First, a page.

Emotional Spending: 6 Ways to Avoid Shopping Therapy



Emotional spending AKA shopping therapy can be avoided once we realize why we are spending money to make ourselves feel better. Emotional spending isn’t just about buying clothes or whipping out a credit card to click “buy now” on Amazon.


It’s more about the relief, distraction, and satisfaction that spending money can give us.


We pick up snacks in hope of feeling better, spend money on alcoholic beverages, and blame how we feel that day on all the things we do not have. It’s natural to want more, this greed is what prompts us to fulfill our goals.


To reach for things that once felt unattainable and to make our environment something more desirable.


What is emotional spending?

Wanting more is not a bad thing. The desire for more is in no way binary but this blog post is to help you understand that you do not have to spend money because you want control or to feel better.


Spend because it’s helping you in the long term or because you have already paid yourself first and have extra cash.


Keep reading to find out 6 ways to eliminate shopping therapy aka a classic form of emotional spending


1. Find a Hobby


When you feel the urge to pull out your wallet, dig deep into your bowl of hobbies and see if one of those activities makes you feel better.


Whether this is painting, catching up on a show, DIY-ing a new project or aggressively scrubbing a surface in an effort to clean it, you can find something to occupy your time.



This doesn’t have to be an in-depth activity. When choosing one just think of something that won’t stress you out more. If the pressure of deciding feels impossible because you’re overwhelmed with feelings, create a list and work your way down. It helps to make the list before you’re in the midst of an emotional whirlpool because we tend to not think as clearly when we’re upset.


As you get through the list, the goal is for your energy to lighten gradually because all feelings do pass.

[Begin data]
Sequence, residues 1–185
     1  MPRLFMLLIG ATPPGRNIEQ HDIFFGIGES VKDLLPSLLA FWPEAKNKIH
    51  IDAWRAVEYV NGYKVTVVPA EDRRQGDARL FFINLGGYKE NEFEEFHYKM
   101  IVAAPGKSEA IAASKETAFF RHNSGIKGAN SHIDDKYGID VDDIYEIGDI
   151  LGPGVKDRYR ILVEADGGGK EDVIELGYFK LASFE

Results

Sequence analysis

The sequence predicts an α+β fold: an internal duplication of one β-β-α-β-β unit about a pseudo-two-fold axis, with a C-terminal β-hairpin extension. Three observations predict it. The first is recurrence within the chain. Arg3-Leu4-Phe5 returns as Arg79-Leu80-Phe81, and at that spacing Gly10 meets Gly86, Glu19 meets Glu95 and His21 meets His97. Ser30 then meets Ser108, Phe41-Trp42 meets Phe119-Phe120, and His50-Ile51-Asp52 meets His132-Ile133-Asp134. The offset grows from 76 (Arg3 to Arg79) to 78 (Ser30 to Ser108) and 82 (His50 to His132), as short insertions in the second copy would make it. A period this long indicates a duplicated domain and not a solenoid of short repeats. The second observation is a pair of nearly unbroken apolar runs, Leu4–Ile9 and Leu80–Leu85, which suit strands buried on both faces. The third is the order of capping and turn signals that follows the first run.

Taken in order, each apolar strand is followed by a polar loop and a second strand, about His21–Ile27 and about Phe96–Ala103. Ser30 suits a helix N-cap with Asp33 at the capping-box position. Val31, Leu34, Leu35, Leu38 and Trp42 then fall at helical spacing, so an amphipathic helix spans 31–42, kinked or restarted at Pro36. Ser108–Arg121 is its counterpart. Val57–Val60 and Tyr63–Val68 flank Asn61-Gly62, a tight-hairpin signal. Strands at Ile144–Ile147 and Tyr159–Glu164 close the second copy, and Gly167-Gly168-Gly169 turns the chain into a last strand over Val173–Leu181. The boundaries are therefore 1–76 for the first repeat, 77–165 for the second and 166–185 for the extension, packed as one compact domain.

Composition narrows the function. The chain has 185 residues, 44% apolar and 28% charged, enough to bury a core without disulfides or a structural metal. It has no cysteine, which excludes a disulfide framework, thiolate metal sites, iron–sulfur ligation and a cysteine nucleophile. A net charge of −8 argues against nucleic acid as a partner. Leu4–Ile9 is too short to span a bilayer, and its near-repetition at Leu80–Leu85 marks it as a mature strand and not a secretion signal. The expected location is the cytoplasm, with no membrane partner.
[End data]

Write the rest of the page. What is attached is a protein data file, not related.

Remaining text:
2. Reach out to a friend


Tell someone who is emotionally available what’s on your mind. Social interaction can lead to you not only feeling heard when times are hard but if you ask for advice, they may even give you a new view on what you’re dealing with.


When you try to prevent emotional spending by talking to someone there are certain people you should not reach out to.


Who should you avoid when going through a hard time?


The reminder - The person who reminds you how you can’t afford it and makes you feel bad

It’s all about me - The one who can’t keep the focus off of them for long periods of time

The sometimes friend - The friend you don’t talk to often and always remember why during the conversation

The motivational friend - The one who encourages your overspending #YOLO


Shopping therapy can be a go to for many

A good conversation will be with someone who can listen more than tell you their opinion.


3 . Reflect on what just happened


Usually we want to make ourselves better using shopping therapy or emotional spending when we feel triggered.


A trigger doesn’t always have to be because of a negative event. Sometimes we want to reward ourselves because we feel we deserve it and it’s time for a treat.


What is your trigger? Is it stress, feeling overwhelmed, hearing good news from a friend, hearing bad news on the television?



What usually happens right before you want to spend money in a way you wouldn’t have otherwise?


It helps to jot down a list if you find its multiple things that way when you feel the urge to emotionally spend you can check the list and see if the reason why is present.


This can be your reminder and with enough effort and discipline, the reason why you stay indoors or away from online shopping.


4. Validate your feelings


Your feelings are real and valid. No one has to understand them except you and they will fade when they’re ready. Feeling jealous is a normal emotion. Feeling lost or like something is missing is also normal.


Feeling overwhelmed and in need of a change is 100% acceptable. And once you accept that your feelings do not make you a bad person and do not have to be shopped away; peace will come.


We do not live in a binary world where every feeling is either good or bad, likely it is as complex as we are. Feeling overwhelmed is because of several factors and not just one.